Anyone born after 1960 may find this hard to believe, but there was a time when hardtops like the 1950-1952 Pontiac Catalina were quite exotic. That time, of course, harks back to 1949, when General Motors pioneered the pillarless idea with a trio of low-volume "hardtop convertibles."
To enhance their allure, product planners looked to faraway places with strange-sounding names. Thus did Buick offer a Riviera, named after the famed French and Italian coastlines, and Cadillac the Gallic-sounding Coupe de Ville. Oldsmobile, though a bit more prosaic with Holiday, managed to capture the spirit of the thing.
The 1949 model year also saw GM complete its first postwar restyle, issuing redesigned A- and B-bodies in the image of the new-for-1948 C-body Cadillacs and Oldsmobile 98. This mainly involved Chevrolet and Pontiac, both of which fared quite well stylistically. They fared well commercially, too, with record production that went up again for 1950, bolstered by their first hardtops.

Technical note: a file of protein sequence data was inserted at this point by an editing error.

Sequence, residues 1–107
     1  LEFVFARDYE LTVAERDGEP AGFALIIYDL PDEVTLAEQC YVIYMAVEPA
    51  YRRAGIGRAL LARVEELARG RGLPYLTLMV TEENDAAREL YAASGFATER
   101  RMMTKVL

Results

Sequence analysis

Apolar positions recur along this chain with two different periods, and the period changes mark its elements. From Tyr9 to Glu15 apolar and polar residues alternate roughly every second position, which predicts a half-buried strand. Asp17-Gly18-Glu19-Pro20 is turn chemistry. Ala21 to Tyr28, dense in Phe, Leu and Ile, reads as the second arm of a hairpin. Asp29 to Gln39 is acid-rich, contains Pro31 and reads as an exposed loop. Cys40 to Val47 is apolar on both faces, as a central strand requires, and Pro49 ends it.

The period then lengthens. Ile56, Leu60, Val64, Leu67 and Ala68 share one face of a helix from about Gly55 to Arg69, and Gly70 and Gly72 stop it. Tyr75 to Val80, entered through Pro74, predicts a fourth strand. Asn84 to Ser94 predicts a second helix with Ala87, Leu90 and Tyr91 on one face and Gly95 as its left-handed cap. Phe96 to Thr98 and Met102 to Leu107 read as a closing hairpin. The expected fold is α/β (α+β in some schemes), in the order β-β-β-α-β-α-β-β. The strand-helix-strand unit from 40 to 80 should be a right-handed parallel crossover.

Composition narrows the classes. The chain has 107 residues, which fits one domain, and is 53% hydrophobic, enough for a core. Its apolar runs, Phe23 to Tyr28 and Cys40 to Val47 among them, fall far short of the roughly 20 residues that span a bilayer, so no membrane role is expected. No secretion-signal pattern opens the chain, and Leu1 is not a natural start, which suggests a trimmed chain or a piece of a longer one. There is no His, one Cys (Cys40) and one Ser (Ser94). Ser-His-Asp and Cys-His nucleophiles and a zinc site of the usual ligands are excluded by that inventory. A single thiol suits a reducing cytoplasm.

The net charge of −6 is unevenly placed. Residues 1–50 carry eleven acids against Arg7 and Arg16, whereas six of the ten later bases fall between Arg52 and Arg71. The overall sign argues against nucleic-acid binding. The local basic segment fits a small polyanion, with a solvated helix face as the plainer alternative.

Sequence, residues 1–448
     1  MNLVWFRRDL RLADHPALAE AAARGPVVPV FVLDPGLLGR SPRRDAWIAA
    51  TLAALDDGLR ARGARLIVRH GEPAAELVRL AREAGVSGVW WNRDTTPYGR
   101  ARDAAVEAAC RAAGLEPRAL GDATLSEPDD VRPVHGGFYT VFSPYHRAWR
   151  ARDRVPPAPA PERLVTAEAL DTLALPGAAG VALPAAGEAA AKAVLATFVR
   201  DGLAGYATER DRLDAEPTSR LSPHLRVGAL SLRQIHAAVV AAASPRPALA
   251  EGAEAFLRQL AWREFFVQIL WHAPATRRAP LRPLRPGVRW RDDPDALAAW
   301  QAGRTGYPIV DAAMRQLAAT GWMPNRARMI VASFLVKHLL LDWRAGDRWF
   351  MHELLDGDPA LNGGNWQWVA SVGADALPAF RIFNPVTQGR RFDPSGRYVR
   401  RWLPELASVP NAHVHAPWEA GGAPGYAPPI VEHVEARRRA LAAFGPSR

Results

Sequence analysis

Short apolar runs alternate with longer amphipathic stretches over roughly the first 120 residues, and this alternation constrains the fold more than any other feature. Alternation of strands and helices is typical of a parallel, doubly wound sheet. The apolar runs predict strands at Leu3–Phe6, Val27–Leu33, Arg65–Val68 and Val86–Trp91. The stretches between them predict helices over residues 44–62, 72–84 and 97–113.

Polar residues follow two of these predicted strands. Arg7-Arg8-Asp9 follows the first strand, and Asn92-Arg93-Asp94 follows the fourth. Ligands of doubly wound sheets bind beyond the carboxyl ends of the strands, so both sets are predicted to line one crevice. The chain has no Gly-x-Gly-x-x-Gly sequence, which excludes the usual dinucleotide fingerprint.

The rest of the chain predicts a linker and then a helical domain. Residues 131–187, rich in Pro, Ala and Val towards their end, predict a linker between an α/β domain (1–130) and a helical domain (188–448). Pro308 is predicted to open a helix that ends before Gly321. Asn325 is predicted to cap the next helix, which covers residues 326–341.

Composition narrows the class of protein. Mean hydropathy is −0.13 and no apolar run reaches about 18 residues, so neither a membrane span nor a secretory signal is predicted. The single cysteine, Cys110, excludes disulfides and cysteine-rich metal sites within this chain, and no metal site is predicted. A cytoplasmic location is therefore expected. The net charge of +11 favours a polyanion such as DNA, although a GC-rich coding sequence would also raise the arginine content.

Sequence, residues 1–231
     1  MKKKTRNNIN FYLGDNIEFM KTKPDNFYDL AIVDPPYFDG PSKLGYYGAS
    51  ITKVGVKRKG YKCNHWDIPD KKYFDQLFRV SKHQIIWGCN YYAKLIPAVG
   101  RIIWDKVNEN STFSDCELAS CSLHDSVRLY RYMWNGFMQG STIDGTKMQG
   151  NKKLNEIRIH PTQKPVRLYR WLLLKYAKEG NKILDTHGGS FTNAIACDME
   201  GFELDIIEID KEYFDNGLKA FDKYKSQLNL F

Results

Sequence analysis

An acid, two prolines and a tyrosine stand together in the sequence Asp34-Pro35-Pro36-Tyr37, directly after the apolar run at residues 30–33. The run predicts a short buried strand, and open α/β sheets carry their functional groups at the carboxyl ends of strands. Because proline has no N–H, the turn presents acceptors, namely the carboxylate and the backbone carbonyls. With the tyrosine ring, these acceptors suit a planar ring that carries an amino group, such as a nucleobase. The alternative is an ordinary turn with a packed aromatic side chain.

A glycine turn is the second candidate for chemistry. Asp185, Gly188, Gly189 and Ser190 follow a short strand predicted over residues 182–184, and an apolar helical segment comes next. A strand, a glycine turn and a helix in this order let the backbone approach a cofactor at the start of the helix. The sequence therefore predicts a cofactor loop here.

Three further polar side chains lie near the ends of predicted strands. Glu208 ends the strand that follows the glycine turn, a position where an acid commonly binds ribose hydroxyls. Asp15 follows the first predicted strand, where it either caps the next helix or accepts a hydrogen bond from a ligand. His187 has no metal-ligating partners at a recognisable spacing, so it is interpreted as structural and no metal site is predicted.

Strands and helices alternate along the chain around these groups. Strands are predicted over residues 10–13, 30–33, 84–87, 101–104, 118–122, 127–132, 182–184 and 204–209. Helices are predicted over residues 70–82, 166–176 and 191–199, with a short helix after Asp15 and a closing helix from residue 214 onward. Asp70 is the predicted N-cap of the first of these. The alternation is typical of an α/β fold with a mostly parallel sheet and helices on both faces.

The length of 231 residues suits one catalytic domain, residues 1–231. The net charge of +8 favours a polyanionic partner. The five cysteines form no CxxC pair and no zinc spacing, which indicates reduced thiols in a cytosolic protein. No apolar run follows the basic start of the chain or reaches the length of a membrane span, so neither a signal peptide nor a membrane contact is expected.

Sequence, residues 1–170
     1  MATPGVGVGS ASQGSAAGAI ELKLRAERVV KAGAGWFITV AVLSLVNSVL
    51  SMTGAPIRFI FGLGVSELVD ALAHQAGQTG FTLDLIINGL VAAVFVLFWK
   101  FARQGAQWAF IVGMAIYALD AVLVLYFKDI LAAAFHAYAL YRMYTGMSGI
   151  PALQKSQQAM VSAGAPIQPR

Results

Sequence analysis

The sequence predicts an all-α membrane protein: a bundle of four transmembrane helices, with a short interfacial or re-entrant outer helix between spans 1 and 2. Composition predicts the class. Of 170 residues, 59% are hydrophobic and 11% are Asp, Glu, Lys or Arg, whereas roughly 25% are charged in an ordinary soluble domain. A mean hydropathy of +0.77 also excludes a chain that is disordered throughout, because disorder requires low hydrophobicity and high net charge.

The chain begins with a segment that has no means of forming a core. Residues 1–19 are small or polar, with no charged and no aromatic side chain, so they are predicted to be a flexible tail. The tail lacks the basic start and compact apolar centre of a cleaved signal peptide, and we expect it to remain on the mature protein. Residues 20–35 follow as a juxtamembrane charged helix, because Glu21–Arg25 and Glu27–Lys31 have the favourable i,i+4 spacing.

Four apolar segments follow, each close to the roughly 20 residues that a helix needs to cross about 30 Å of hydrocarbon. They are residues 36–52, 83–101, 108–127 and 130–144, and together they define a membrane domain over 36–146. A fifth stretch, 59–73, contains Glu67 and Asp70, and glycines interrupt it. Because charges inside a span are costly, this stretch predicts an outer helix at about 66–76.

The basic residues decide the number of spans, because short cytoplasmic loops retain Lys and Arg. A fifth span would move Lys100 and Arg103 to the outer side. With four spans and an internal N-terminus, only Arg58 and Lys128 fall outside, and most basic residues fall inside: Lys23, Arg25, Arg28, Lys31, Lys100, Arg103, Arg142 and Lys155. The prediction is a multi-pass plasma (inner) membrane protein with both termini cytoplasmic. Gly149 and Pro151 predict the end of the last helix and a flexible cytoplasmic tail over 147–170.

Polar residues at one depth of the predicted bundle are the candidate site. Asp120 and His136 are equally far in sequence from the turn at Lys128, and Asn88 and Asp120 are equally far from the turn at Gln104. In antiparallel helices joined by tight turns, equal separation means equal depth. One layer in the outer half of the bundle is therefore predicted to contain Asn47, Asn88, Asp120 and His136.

But where Chevrolet fielded a single pillarless coupe, the natty Styleline DeLuxe Bel Air, Pontiac proffered no fewer than four Catalinas, named for the romantic island 26 miles off the Southern California shore. (Bel Air referred to that same area, though a little further inland: the exclusive residential district near Beverly Hills.)
DeLuxe and Super trim and six- and eight-cylinder engines accounted for the variations, all in the Chieftain lines composed of strictly notchback styles. Pontiac also offered Streamliner Six and Eight series, each with standard- and DeLuxe-trim fastback sedans and, oddly enough, a wagon.
Interestingly, at least one 1949 Catalina was built. Though strictly for show, it previewed the rakish production roofline with its modestly wrapped, three-element rear window.
Like Chevrolet's, Pontiac's successful 1949 package involved mainly a styling job, its basic engineering being of prewar origin, but it was good enough to last through 1952 with only evolutionary changes.
Learn about those changes on the next page.